Data from the TRAPEZE trial are “unsurprising” in mCRPC


The only late-breaking, prostate cancer-specific paper to be presented at the annual meeting of the American Society of Clinical Oncology (ASCO) this year was from the TRAPEZE study carried out in the UK.

The results of this this study were reported by James et al. this morning, and can reasonably be described as “unsurprising.”

TRAPEZE was initially designed as a four-arm study in which men with metastatic, castration-resistant prostate cancer (mCRPC) were randomized to one of the following four different forms of therapy:

  • Chemotherapy with six cycles of docetaxel + prednisolone (trial arm A)
  • Chemotherapy with six cycles of docetaxel + prednisoolne and zoledronic acid (trial arm B)
  • Chemotherapy with six cycles of docetaxel + prednisolone and a single dose of strontium-89 (trial arm C)
  • Chemotherapy with six cycles of docetaxel + prednisolone and both other agents (trial arm D)

In assessing the results of this trial, it is important to remember that zoledronic acid (alson know as zoledronate or Zometa) was approved because of its ability to reduce skeletal-related events (SREs) in men being treated for metastatic prostate with androgen deprivation therapy. Similarly, strontium-89 (an injectable form of radiation therapy) was approved as a palliative agent to control pain from metastases and to reduce the need for subsequent bone treatments.

It appears that enrollment of patients to Arm 4 of this trial may have been prematurely terminated. (This is not clear from the abstract and unfortunately your correspondent missed the first two slides of Dr. James’ presentation.)

Here are the results presented by Dr. James this morning:

  • TRAPEZE enrolled and randomized a total of 757 patients.
    • The median age of these patients at randomization was 68.7 years.
    • The median PSA of the patients was 144 ng/ml.
    • 40 percent of these men had an ECOG performance score of 0.
    • 52 percent of them had an ECOG performance score of 1.
    • 8 percent of them had an ECOG performance score of 2.
    • 45 percent of the patients had previously received radiation therapy.
  • Compared to treatment with Arm 1
    • Clinical progression-free survival was not apparent among patients in Arm 2 (p = 0.46).
    • A small but statistically significant clinical progression-free survival benefit — of about a month — was apparent among patients in Arm 3 (hazard ratio [HR] = 0.845; p = 0.036).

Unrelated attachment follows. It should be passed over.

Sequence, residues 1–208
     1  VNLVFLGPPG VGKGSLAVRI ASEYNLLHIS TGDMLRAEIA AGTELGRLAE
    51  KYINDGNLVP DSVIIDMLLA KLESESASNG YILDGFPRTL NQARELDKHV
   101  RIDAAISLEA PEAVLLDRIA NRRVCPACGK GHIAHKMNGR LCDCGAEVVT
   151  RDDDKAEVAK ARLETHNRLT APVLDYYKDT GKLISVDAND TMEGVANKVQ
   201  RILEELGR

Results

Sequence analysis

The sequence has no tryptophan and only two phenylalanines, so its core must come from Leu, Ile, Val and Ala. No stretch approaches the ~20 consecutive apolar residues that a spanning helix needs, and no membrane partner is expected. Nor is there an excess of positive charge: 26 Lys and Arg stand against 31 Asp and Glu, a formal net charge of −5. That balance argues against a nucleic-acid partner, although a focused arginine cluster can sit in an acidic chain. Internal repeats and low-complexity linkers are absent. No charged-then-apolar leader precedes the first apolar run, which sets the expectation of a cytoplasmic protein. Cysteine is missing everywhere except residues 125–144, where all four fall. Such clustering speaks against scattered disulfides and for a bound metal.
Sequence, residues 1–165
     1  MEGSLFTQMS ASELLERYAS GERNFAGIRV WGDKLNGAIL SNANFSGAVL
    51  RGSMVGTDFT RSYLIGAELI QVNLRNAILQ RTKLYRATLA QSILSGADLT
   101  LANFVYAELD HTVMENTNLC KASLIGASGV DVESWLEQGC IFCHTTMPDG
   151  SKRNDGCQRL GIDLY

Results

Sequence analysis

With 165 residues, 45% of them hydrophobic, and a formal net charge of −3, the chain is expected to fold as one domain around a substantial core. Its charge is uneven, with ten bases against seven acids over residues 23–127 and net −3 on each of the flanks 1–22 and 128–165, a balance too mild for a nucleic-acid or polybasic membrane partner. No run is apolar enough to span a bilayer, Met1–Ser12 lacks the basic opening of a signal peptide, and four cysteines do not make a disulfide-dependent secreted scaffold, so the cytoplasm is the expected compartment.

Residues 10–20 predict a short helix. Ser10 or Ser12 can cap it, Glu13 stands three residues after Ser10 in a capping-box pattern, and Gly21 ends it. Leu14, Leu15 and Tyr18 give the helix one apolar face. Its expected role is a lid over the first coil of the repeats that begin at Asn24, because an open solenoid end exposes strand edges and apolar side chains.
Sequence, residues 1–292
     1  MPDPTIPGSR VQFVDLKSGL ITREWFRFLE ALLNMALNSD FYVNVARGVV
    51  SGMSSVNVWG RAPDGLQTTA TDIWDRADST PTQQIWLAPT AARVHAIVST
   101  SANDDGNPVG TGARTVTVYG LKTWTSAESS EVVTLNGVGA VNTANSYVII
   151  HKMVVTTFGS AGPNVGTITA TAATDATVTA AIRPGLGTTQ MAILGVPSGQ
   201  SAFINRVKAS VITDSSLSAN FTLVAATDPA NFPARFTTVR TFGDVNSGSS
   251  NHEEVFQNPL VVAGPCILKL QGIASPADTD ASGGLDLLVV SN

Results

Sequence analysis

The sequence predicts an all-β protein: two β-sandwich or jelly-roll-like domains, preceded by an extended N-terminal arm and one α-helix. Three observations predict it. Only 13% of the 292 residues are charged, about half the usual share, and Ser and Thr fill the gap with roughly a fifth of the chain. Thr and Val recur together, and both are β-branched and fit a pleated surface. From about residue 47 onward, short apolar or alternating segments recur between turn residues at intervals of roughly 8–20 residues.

• Patients in Arm 2 did demonstrate a significant improvement– of about 5 months — in time to occurrence of SREs (HR = 0.76; p = 0.008).
    • There was no evidence of any improvement in overall survival of patients in either Arm 2 or Arm 3.
    • No data were presented for patients in Arm 4.

James et al. conclude that:

  • Six cycles of docetaxel + predisolone + a single injection of strontium-89 did (very slightly) improve clinical progression-free survival (but not overall survival) compared to just docetaxel + prednisolone.
  • Six cycles of docetaxel + predisolone + zoledronic acid had no effect on either clinical progression-free survival or overall survival compared to docetaxel + prednisolone alone.
  • The addition of zoledronic acid to therapy with docetaxel + prednisone did significantly improve median time to initiation of skeletal-related events, but that this happened mostly after progression on chemotherapy, suggesting a role for zoledronic acid as post-chemotherapy maintenance treatment.

Commenting on this study in his session review, Oliver Sartor, MD, seemed to agree with these conclusions, noting that the very small effect on strontium-89 on progression-free survival was probably not of any practical significance but that the effect of zoledronic acid on delay of onset of skeletal-related effects almost certainly was clinically meaningful.

2 Responses

  1. Considering that in head-to-head trials Xgeva/denosumab delayed SREs (skeletal-related events) with clinically meaningful improvement of 27.6 months vs Zometa/zoledronate 19.4 months, it would appear that prescribing docetaxel/Taxotere accompanied by prednisone and denosumab/Xgeva would be even more promising.

  2. For anyone interested, I’ve posted the slides on my Twitter feed (@Prof_Nick_James) , as well as pictures of Oliver Sartor’s discussion. Not sure this is a fair assessment of the results. The key point is that we collected clinical SRE data, not radiological ones as in the zoledronic acid (ZA) licencing trial. Hence the big reduction seen is the first demonstration of unequivocal clinical gain from ZA, an agent the National Health Service (in the UK) does not support for prostate cancer. The trial also shows that docetaxel prevents about 50% of patients from having clinical SREs or symptomatic skeletal events (SSEs) as they are more accurately described. The final component, strontium-89, prolonged disease-free survival by about a month.

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